Surface electromyographic amplitude-to-work ratios during isokinetic and isotonic muscle actions

Sushmita Purkayastha, Joel T. Cramer, Cynthia A. Trowbridge, A. Louise Fincher, Sarah M. Marek

Research output: Contribution to journalArticlepeer-review

15 Scopus citations

Abstract

Context: Isokinetic and isotonic resistance training exercises are commonly used to increase strength during musculoskeletal rehabilitation programs. Our study was designed to examine the efficacy of isokinetic and isotonic muscle actions using surface electromyographic (EMG) amplitude-to-work ratios (EMG/WK) and to extend previous findings to include a range of isokinetic velocities and isotonic loads. Objective: To examine work (WK), surface EMG amplitude, and EMG/WK during concentric-only maximal isokinetic muscle actions at 60, 120, 180, 240, and 300°/s and isotonic muscle actions at 10%, 20%, 30%, 40%, and 50% of the maximal voluntary isometric contraction (MVIC) torque during leg extension exercises. Design: A randomized, counterbalanced, cross-sectional, repeated-measures design. Setting: A university-based human muscle physiology research laboratory. Patients or Other Participants: Ten women (mean age = 22.0 ± 2.6 years) and 10 men (mean age = 20.8 ± 1.7 years) who were apparently healthy and recreationally active. Intervention(s): Using the dominant leg, each participant performed 5 maximal voluntary concentric isokinetic leg extension exercises at randomly ordered angular velocities of 60, 120, 180, 240, and 300°/s and 5 concentric isotonic leg extension exercises at randomly ordered loads of 10%, 20%, 30%, 40%, and 50% of the isometric MVIC. Main Outcome Measure(s): Work was recorded by a Biodex System 3 dynamometer, and surface EMG was recorded from the superficial quadriceps femoris muscles (vastus lateralis, rectus femoris, and vastus medialis) during the testing and was normalized to the MVIC. The EMG/WK ratios were calculated as the quotient of EMG amplitude (μVrms) and WK (J) during the concentric phase of each exercise. Results: Isotonic EMG/WK remained unchanged (P -> .05) from 10% to 50% MVIC, but isokinetic EMG/WK increased (P < .05) from 60 to 300°/s. Isotonic EMG/WK was greater (P < .05) than isokinetic EMG/WK for 50% MVIC versus 60°/s, 40% MVIC versus 120°/s, and 30% MVIC versus 180°/s; however, no differences were noted (P -> .05) between 20% MVIC versus 240°/s or 10% MVIC versus 300°/s. An 18% decrease in active range of motion was seen for the isotonic muscle actions, from 10% to 50% MVIC, and a 3% increase in range of motion for the isokinetic muscle actions from 60 to 300°/s was also observed. Furthermore, the peak angular velocities for the isotonic muscle actions ranged from 272.9 to 483.0°/s for 50% and 10% MVIC, respectively. Conclusions: When considering EMG/WK, peak angular velocity, and range of motion together, our data indicate that maximal isokinetic muscle actions at 240°/s or controlled-velocity isotonic muscle actions at 10%, 20%, or 30% MVIC may maximize the amount of muscle activation per unit of WK done during the early stages of musculoskeletal rehabilitation. These results may be useful to allied health professionals who incorporate open-chain resistance training exercises during the early phases of rehabilitation and researchers who use isotonic or isokinetic modes of resistance exercise to examine muscle function.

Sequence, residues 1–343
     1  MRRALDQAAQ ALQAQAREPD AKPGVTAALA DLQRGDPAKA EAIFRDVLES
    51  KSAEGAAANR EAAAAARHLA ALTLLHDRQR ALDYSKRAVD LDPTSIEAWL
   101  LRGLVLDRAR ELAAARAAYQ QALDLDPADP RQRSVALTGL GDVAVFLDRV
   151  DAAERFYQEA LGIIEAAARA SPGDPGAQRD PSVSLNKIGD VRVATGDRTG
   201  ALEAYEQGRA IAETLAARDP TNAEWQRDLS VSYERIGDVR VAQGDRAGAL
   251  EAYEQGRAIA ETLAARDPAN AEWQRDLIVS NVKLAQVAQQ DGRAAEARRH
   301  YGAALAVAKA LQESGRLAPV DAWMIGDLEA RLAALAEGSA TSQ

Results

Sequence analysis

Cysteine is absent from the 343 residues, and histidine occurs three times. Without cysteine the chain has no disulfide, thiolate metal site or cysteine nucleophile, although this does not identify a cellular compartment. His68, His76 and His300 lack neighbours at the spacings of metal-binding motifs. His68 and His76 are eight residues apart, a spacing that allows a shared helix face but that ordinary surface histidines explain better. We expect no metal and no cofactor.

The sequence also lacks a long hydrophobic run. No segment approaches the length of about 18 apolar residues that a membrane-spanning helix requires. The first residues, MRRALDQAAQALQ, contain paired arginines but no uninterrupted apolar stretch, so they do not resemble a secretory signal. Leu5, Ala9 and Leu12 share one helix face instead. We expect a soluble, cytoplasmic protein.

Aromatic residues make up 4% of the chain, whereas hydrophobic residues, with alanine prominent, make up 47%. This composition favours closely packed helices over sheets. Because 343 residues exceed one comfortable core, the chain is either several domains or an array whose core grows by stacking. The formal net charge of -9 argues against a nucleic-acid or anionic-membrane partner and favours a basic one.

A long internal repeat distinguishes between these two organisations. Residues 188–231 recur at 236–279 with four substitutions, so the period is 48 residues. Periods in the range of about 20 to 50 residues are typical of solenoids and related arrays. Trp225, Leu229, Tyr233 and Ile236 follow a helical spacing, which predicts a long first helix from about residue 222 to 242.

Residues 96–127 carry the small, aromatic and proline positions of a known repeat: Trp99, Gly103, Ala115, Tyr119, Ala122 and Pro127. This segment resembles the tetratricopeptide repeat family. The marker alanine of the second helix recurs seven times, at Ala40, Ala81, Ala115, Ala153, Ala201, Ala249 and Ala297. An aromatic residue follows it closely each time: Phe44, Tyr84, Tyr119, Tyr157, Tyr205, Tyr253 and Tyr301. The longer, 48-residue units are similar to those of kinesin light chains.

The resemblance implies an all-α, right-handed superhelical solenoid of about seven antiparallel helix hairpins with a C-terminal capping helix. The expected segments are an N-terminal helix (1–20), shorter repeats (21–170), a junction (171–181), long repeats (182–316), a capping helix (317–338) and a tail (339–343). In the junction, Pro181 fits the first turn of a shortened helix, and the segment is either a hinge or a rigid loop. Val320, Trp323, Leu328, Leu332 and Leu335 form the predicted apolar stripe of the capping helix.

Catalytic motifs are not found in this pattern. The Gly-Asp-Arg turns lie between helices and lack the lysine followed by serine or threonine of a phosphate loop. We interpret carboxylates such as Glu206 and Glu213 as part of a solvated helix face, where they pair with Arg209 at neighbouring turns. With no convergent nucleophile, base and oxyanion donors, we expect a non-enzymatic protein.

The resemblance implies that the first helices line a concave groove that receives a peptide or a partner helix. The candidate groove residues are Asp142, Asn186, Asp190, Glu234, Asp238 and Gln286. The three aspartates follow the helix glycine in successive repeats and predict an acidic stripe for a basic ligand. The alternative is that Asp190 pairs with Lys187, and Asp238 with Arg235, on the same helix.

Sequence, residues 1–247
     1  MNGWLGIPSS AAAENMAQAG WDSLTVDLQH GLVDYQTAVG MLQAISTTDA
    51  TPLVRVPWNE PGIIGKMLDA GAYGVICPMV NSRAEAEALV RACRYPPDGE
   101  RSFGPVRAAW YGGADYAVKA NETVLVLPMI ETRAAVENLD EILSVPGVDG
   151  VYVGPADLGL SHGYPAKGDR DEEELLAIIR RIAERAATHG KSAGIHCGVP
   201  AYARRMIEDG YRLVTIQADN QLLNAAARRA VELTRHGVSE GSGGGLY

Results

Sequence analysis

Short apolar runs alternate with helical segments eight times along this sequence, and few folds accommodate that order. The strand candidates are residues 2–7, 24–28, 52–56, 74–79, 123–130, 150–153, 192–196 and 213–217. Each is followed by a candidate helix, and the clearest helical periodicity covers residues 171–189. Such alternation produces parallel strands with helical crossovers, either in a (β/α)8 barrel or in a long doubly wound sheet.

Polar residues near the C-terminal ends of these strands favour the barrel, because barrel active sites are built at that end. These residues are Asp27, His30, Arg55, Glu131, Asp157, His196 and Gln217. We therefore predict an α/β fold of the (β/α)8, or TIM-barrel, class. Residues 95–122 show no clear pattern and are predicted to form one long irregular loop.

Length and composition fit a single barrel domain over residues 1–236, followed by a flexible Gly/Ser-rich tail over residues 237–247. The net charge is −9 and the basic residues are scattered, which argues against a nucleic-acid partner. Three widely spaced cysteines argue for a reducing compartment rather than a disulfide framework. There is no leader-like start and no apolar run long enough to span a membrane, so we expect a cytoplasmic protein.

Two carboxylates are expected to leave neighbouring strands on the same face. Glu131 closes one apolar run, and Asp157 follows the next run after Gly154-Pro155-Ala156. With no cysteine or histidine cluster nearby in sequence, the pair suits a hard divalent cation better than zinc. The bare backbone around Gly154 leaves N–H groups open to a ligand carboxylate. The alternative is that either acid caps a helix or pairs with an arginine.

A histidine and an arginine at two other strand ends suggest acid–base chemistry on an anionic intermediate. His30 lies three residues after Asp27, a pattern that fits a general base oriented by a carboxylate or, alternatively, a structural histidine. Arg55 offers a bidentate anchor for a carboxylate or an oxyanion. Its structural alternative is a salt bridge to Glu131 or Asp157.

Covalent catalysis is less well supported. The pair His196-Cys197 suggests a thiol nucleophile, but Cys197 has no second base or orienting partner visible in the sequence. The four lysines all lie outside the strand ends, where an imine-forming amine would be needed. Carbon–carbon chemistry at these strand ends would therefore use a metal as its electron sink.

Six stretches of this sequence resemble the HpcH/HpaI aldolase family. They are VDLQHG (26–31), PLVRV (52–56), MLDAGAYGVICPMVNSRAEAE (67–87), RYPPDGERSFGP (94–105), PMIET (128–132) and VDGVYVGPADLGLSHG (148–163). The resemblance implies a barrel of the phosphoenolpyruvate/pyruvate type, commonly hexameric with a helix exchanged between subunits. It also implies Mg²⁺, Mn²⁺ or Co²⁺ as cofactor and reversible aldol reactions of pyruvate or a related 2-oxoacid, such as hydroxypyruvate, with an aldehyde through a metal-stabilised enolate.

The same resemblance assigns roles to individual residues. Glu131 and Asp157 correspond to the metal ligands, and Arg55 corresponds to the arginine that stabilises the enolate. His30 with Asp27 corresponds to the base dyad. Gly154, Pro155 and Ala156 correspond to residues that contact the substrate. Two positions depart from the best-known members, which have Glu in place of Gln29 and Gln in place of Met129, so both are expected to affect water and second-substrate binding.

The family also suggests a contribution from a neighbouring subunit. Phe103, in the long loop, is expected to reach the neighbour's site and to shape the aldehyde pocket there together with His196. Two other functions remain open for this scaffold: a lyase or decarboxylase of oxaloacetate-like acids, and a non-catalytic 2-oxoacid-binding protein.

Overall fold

Original languageEnglish (US)
Pages (from-to)314-320
Number of pages7
JournalJournal of Athletic Training
Volume41
Issue number3
StatePublished - Jul 2006

Keywords

  • Angular velocity
  • Leg extension
  • Muscle activation
  • Range of motion
  • Rehabilitation

ASJC Scopus subject areas

  • Orthopedics and Sports Medicine
  • Physical Therapy, Sports Therapy and Rehabilitation

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